Bad design ?
We all know that the Parallel Twin suffered from the cost cutting down regime in the mid seventies. Some might even suggest that parts of the engine where designed by apprentices but I wouldn’t go that far. In the design of the engine you can find some elements that suffered from that regime. As we are planning to race a pair of Parallel-twins at the DCR in may we thought of some improvements like straight cut primary gears, a dry clutch to keep as much heat out of the oil as possible, fitting an oil cooler and better lubrication to the camshafts. Unfortunately we can’t do everything at once so we started with the clutch.
The oily stuff
What Mototrans developed from the original Ducati engine was a smart move. They new that the oil level and temperature was a problem with the Parallel twins. The roof of the oil sump in these engine cases is quite low as you can see.
So with little oil you will bound to have trouble especially if the level drops due to leakage or usage. So in my opinion it’s always best to get your level as high as possible and even “overfill” your engine to get as much oil as possible in there. Mototrans recognized the problem and started in the early 80-ies with fitting an oil cooler to the engine. There are some small modifications needed for fitting the cooler so the plugged the oil feed to the head and used the oil supply from the main channel running through the cases. The hole where the pressure switch sits was used as the feed to the cylinder head via an oil cooler. In a way it is a very simple modification and the Mototrans engines lasted a lot longer and suffer Les beating than the Ducati engines. Come to think why Ducati never did this . . . . ?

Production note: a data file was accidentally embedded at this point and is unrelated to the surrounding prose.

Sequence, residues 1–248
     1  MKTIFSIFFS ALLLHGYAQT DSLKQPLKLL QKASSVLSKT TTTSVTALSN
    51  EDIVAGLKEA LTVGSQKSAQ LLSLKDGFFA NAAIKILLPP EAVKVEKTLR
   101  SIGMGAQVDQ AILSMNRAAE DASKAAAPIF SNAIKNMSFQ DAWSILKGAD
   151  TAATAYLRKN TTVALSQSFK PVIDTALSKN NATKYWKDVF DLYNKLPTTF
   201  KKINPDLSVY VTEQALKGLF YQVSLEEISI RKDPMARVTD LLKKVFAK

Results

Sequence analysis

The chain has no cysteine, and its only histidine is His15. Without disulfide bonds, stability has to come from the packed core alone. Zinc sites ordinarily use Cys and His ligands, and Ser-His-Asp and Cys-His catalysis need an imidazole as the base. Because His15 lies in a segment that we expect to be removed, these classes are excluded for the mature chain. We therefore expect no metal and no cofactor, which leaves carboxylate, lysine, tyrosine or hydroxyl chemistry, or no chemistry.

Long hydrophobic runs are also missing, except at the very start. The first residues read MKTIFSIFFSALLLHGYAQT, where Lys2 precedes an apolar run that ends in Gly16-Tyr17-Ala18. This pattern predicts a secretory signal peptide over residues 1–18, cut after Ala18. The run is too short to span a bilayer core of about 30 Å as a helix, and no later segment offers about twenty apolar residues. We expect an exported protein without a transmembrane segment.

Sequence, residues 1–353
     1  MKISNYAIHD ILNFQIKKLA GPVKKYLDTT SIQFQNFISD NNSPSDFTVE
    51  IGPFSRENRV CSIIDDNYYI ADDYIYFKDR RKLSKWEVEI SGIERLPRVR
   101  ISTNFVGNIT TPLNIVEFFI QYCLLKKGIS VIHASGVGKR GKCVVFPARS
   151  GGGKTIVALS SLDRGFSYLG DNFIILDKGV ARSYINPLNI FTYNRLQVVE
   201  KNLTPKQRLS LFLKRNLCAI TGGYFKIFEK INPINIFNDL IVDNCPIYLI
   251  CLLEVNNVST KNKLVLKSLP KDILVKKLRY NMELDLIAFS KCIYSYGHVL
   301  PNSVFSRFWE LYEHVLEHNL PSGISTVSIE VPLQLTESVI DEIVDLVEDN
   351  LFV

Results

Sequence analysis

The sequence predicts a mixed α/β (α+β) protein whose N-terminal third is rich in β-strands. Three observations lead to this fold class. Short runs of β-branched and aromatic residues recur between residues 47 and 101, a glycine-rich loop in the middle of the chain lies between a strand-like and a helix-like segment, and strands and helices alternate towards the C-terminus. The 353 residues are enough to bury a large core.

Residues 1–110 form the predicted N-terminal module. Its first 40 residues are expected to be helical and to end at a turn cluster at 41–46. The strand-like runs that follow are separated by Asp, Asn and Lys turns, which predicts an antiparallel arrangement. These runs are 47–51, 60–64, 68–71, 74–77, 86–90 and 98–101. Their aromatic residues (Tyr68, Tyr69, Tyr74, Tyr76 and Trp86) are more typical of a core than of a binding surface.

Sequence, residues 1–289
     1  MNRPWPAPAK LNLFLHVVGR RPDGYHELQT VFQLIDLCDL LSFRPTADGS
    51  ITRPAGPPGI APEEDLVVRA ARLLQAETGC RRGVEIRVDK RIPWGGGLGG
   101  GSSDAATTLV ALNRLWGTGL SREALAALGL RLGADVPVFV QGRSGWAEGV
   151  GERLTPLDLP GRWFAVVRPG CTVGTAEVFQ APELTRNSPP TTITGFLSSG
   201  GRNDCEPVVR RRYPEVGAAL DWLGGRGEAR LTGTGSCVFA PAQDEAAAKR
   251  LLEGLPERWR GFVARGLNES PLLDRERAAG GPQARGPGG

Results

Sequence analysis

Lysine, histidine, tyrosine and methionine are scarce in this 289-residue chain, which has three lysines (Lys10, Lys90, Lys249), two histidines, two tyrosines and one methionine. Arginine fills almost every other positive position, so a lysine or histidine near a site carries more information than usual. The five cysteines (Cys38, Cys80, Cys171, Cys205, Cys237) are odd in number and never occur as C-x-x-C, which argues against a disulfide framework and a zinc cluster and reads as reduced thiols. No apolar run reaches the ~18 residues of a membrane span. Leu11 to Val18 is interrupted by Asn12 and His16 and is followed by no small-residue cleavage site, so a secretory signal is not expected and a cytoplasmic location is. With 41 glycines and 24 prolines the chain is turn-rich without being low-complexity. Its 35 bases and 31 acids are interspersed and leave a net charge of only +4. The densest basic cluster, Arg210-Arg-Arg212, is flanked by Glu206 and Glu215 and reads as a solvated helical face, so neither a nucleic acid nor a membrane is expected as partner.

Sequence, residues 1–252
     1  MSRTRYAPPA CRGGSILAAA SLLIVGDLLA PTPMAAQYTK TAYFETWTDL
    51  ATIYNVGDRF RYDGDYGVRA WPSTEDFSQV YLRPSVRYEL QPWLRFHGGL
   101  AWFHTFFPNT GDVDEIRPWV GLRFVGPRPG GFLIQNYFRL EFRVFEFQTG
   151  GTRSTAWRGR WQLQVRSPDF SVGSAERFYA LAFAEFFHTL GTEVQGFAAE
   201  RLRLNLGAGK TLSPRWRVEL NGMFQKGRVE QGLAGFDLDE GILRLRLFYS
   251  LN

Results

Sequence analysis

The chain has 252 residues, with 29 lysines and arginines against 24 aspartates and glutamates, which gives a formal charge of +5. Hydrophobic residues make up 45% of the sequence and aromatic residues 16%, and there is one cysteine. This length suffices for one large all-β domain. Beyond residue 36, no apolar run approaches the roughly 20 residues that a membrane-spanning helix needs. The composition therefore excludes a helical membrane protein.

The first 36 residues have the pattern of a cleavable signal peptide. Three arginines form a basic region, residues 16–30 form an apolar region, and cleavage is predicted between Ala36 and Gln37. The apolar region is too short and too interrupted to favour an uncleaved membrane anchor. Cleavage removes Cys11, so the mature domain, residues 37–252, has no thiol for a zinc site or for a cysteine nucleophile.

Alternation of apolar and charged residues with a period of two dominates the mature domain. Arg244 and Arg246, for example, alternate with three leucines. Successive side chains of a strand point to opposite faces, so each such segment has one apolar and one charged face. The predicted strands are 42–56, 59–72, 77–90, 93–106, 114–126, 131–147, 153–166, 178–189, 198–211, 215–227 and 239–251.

Modifying the oil feed
With nearly all “modern” motorcycle engines the oil feed to the head, or heads, is through the cylinders upwards in a separate channel or alongside the studs that fix the head to the casings. With the Ducati Parallel-twin the oil finds it’s way to the head travelling upwards along the studs. In these cases the oil heats up significant and could lose some of it’s lubrication and with a tuned engine or extreme temperature surroundings, the oil gets so hot it nearly burns and loses all of it’s lubrication when it reaches the cam’s and rockers.